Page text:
SAS trial – armed farce
Matters in the Court Martial of SAS sniper Danny Nightingale at Bulford Camp were not without their lighter moments on Thursday.
The main cause of this was the presence of a 9mm glock pistol introduced by counsel for the Defence William Clegg.
Mr Clegg was cross-examining “soldier N”, the SAS senior non-commissioned officer (NCO) who cannot be identified even though he’s in a military prison for illegally possessing a 9mm glock pistol, hand-grenade and scores of rounds of ammo.
For reasons clear to nobody but himself (including the judge who queried mildly why he was doing it) Mr Clegg asked for the pistol to be handed around the court to the board (the jury of five serving officers).
At this point the colonel representing military security on the prosecution bench stood up. He told the judge it is against all military regulations to pass a weapon capable of being fired from person to person:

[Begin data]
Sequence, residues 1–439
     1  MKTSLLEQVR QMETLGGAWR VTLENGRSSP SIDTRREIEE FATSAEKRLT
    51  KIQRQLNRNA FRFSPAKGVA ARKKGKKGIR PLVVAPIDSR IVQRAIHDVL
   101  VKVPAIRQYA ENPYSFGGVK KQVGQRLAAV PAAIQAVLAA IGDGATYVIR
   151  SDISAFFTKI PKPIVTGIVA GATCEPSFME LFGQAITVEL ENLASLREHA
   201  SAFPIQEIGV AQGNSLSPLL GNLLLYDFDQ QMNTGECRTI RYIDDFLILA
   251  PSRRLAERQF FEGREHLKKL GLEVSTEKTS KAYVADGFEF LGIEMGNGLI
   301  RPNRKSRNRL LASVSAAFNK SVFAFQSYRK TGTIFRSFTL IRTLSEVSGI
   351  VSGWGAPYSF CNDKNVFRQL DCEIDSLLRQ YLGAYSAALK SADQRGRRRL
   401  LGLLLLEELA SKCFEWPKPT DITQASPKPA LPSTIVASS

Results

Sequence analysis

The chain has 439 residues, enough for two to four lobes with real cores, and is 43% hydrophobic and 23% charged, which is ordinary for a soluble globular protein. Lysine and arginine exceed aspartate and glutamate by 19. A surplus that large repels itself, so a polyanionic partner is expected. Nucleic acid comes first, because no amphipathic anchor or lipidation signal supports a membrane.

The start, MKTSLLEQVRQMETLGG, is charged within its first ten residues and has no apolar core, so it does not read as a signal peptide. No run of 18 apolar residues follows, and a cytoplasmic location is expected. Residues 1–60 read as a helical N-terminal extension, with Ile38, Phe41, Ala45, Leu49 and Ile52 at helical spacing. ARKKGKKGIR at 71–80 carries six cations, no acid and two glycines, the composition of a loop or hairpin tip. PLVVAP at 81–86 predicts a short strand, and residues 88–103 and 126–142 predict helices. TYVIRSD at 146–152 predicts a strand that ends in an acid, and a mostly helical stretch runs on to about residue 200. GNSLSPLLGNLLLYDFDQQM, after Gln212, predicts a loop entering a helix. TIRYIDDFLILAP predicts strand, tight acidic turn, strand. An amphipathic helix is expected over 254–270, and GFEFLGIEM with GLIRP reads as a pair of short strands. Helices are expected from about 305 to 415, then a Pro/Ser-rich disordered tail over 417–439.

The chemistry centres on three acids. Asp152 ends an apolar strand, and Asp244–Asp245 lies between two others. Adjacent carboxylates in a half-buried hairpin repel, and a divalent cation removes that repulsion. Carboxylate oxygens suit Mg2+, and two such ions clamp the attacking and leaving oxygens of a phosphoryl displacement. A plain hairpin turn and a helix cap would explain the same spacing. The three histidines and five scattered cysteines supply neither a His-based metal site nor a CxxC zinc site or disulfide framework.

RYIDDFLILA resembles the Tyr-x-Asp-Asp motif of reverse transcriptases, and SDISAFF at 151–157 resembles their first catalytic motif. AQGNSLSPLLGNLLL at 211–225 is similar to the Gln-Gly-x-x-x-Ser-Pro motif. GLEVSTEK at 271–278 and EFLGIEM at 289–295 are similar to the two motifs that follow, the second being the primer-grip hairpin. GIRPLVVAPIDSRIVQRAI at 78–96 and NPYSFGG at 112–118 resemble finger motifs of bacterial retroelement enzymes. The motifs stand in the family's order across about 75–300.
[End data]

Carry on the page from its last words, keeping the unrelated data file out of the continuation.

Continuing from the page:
“Understandably members of the board are, I think, a little nervous of undertaking this activity.”
Glancing at them, the Judge Advocate General Jeff Blackett said:
“Well yes – I am getting a little nervous now I must say.”
He added: “Can we please make sure it is safe?”
Alarmingly, this was not the end of the matter. Mr Clegg soldiered on with the lengthy and detailed questioning of “soldier N”.
After some time it was brought to the attention of the judge that defence counsel was proceeding with the 9mm glock pistol sitting on the desk among his papers.
“Do you need that weapon on your desk?” the judge asked Mr Clegg.
“There is a nervousness in the court,” he added, “perhaps you can give it back Mr Clegg?”
Perhaps. In fact Mr Clegg could give the gun back and did give the gun back.
The case continues, presumably with counsel on both sides armed with nothing beyond papers.
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